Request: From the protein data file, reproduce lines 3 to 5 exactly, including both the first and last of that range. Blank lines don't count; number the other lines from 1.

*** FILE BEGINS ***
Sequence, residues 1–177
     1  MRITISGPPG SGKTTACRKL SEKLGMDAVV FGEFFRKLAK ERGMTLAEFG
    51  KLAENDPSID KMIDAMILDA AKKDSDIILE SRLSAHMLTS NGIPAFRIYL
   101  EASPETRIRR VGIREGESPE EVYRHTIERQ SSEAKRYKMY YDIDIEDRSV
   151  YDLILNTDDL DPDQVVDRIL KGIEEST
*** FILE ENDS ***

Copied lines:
    51  KLAENDPSID KMIDAMILDA AKKDSDIILE SRLSAHMLTS NGIPAFRIYL
   101  EASPETRIRR VGIREGESPE EVYRHTIERQ SSEAKRYKMY YDIDIEDRSV
   151  YDLILNTDDL DPDQVVDRIL KGIEEST